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Bradley Chubb #55 of the Denver Broncos smiling on the bench with Von Miller #58 during a strong first half showing against the Arizona Cardinals at State Farm Stadium on October 18, 2018 in Glendale, Arizona. (Photo by Joe Amon/The Denver Post via Getty Images)
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Broncos Training Camp Preview: outside linebackers

(Photo by Joe Amon/The Denver Post via Getty Images)

The Denver Broncos want to get back to their winning ways in 2019. They’ve completely revamped the roster with the hopes that this combination of players makes a run at the postseason — or at least plays .500 or better football.

This roster is full of talented players on both sides of the ball, but there are questions that need to be answered during training camp. In this series, we will go through each position group searching for those answers.

Today, we’ll take a deep dive on the outside linebacker position.



Starters: Von Miller (LOLB), Bradley Chubb (ROLB)

These two are among the best at their positions and certainly both are top-5 players on the Broncos roster. Von Miller is the established superstar who is on track to make the Pro Football Hall of Fame when his playing days are done. Bradley Chubb is coming off a sensational rookie season and looking to take that next step in his pro career.

In fact, Chubb might surpass Miller in 2019.

It’s a great debate to have because no matter the outcome, so long as both stay healthy and play at a high level, it’s good news for the Broncos and their fans. Before we get to Chubb, let’s spend time with Miller and examine how he could be better than ever this season.

Miller is general manager John Elway’s first and greatest pick. The No. 2 overall pick in the 2011 NFL draft is going to be in Canton, OH someday when he will be recognized as one of the greatest to ever play the game. After eight seasons as a pro, Miller has 95.5 sacks and still has plenty left to give. He’s a known prospect and there really isn’t any mystery to how he does his work and produces at such a high level.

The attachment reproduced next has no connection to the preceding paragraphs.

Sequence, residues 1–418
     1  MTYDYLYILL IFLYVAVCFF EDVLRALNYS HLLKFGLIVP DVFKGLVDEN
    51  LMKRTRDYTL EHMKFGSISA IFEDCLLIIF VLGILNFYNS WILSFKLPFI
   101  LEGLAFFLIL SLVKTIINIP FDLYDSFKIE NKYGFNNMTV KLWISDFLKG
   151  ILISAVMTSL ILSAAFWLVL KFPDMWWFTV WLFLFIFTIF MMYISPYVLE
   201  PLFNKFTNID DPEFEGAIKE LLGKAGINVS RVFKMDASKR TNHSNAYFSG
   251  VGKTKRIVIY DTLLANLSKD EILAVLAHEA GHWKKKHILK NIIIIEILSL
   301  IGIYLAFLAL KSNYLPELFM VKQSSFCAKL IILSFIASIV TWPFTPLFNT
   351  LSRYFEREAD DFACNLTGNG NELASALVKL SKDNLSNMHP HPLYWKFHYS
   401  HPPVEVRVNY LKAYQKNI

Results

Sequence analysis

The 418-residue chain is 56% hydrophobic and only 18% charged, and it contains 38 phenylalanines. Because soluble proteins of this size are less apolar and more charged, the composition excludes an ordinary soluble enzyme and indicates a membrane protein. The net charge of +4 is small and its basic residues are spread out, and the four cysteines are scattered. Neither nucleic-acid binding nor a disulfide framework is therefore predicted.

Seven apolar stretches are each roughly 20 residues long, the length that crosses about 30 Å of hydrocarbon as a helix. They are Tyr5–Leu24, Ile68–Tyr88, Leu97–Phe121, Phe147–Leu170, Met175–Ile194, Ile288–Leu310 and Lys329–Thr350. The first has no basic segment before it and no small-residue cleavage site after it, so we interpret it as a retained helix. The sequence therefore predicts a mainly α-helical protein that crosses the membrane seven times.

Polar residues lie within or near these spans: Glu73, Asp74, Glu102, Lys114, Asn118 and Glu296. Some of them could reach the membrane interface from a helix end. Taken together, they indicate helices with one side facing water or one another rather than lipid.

So how could Miller be better? The answer is simple; he could be fresher and more disciplined. Last year, Miller seemed to wear down at times and take some plays off when the play went away from him. He also played undisciplined at times and would jump off sides too often and hurt his team. This is what new Broncos head coach Vic Fangio calls ‘death by inches’ and he won’t stand for it in 2019.

Miller seems to already have a great respect for Fangio due to his stellar history of coaching outside linebackers (just look up the Saints Dome Patrol people), and he should have no problem responding to the new coach’s guidance. When Fangio was first introduced as the Broncos new head coach, he indicated that he felt Miller could be better.

Pushing Miller in new and exciting ways could lead to the best production of Miller’s career. If the Broncos are better on offense as they should be, Miller won’t feel like he has to do everything on the other side of the ball. That could lead to more disciplined play and more production as a pass rusher.

Chubb reminded me of long-time Ravens linebacker Terrell Suggs from day one. The number ‘55’ is the same on their jersey, and their strong, ferocious style is similar as well. Chubb plays with a jarring style that can break down an opponents’ will quickly. He notched 12.0 sacks as a rookie, and he had three multi-sack games where he seemed unstoppable at times. As crazy as it may seem, Chubb is still learning how to be a pro and developing his game.